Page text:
|filling in blanks
May 14, 2006
Hey Dr Bob,
Thanks for the advice, it's incredibly helpful. You don't need to post this if you're too busy - I'm mostly filling in the blanks...
Yeah, you're so right on abstinence only. So dangerous. Certainly wouldnt have prevented my getting HIV.
Yep, already had a resistance test (you were right on the button, as always) but results only came back yesterday (my numbers have been pretty stubborn (havent been above 121 or below 160 000 since "liberation," currently 114/170 000), tho my doc thought it was just because I was so sick): my current is regimen is kaletra and combivir, and turns out Im now resistant to kaletra. So my doc is suggesting a switch to crixivan, while keeping the others since Im not resistant to them. However, apparently the combivir might be a bad thing just now because Im a bit light, so he says we should separate them into epivir and AZT, at least until I weigh more.
As for the cause of my anemia, its not a vitamin deficiency as my doc tells me to take iron tablets, B12, folate etc(and i do). I'm guessing I probably take more tablets than food! My doc doubts another OI because I dont have a fever. (boy, I really dont want MAC), and I would hope Id have noticed blood loss! He says its the disease not the AZT causing the anemia no doubt he knows better than me hes the one doing complicated things with needles and labs so I just believe him. Then again, he did tell me fatigue is just "part of having HIV", which I'm not convinced by. So now Im on procrit. This way I guess it doesnt really matter should work in either case. Although my hb fell quite fast (in 3 days from 11.6 to 9.3), it seems to be holding steady, so for now, I'm holding my doc off on a blood transfusion. Unless it falls further, I thought I'd give procrit a chance to work. To be honest, its difficult trying to stay optimistic - I can't remember not being sick, I just wish i could.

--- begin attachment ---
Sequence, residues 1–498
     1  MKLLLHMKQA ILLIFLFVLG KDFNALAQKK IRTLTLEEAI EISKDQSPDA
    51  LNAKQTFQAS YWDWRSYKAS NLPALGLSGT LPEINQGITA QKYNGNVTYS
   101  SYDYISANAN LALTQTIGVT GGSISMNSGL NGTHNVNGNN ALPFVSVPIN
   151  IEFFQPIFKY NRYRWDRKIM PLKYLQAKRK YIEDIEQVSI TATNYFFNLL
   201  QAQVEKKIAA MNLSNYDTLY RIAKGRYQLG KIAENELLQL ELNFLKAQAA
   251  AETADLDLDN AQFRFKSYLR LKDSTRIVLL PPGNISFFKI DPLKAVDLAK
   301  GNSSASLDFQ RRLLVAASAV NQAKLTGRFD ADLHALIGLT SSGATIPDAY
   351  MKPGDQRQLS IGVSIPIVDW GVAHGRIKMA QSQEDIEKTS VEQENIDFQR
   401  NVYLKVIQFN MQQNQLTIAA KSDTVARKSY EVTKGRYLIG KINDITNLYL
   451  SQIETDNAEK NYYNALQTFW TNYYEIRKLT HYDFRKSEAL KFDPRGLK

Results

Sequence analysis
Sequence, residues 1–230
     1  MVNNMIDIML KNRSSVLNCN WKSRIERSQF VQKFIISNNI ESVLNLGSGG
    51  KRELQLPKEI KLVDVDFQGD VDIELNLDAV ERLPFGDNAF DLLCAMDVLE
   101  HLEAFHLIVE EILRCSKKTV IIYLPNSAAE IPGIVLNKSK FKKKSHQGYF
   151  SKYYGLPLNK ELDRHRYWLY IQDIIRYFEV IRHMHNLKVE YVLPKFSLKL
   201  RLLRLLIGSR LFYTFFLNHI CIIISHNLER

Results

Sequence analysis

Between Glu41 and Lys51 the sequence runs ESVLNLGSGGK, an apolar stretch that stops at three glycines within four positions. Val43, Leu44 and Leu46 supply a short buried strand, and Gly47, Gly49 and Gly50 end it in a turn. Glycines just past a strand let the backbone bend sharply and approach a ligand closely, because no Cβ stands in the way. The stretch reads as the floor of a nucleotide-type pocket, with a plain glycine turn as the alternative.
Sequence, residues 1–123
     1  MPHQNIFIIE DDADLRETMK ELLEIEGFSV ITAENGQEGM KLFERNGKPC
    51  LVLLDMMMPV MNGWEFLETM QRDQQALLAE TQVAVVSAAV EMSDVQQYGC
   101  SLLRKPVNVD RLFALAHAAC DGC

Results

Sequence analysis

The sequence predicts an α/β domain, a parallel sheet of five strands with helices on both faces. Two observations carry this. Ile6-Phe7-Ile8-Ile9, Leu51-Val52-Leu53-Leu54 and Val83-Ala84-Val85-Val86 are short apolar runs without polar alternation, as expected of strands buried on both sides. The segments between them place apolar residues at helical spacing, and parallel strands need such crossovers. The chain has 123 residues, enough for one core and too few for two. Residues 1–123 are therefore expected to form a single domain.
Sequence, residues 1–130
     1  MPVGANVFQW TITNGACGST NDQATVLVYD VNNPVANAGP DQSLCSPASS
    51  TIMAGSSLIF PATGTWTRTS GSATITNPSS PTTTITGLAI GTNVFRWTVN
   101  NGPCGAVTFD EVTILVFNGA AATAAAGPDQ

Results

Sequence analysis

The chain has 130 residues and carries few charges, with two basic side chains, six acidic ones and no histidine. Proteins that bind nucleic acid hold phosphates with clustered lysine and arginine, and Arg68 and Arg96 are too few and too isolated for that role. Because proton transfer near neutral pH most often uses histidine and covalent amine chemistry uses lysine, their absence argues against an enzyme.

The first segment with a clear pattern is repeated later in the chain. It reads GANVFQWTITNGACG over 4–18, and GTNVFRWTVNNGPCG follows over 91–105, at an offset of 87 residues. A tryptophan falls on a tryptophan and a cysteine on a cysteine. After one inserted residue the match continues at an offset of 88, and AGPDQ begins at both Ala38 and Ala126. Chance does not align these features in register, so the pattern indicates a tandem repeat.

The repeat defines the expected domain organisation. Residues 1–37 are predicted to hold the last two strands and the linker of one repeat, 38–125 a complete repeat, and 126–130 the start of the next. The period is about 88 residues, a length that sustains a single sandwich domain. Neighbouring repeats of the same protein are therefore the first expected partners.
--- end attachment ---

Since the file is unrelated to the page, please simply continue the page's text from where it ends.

Youre right, rocking the boat never looks good to me. Ever low profiles are definitely safer. Also, I dont quite get what you mean by a competent HIV/AIDS specialist. You see, where I live is not exactly a hub of HIV treatment/research. My doc is an STD specialist, is this not the same thing? He seems fairly competent to my uneducated non-medical brain. OK, sometimes hes stumped but I figured thats coz its a tough disease to treat, specially when youre faced with stupid patients who jump at shadows. As for "trust", the jurys out on that one depends how much you mean. Ill trust a doctor to get my labs right, but not to talk to unless its a medical topic. (youre different youre not my doctor!)
Doesnt French rock? - the only language where my little cabbage is a term of endearment. Heres another to add to your collection:
Poka, moi Rodnoi, (linguistically, Id be voya Rodnaya in case youre wondering. Im sure you were).
Response from Dr. Frascino
Without actually seeing your resistance tests, it's difficult for me to comment on what your next best option would be if you're resistant to lopinavir (Kaletra). However, Crixivan is not one of my favorite drugs. (It gave me kidney stones, which is not exactly a life-enhancing experience if you know what I mean.) Ask your doctor if tipranavir is an option for you. Also, in place of Epivir and AZT, I would suggest Truvada (Viread plus FTC).
Regarding HIV/AIDS specialists, not all infectious diseases specialists are HIV/AIDS specialists. Check with your local ASO (AIDS service organization) to get a listing of AIDS specialists locally. Your guy may be OK, but then again there may well be room for improvement. At least that's the impression I'm getting from my long-distance perspective.
Le français? Oui! C'est formidable.
Poka, moi Rodnoi ??? Hmmm . . . should I be drinking Vodka and visiting the sites on Red Square when I try to translate this? I have a tough enough time remembering "little cabbage" is a term of endearment.
Bisettes et Crêpes Suzettes!
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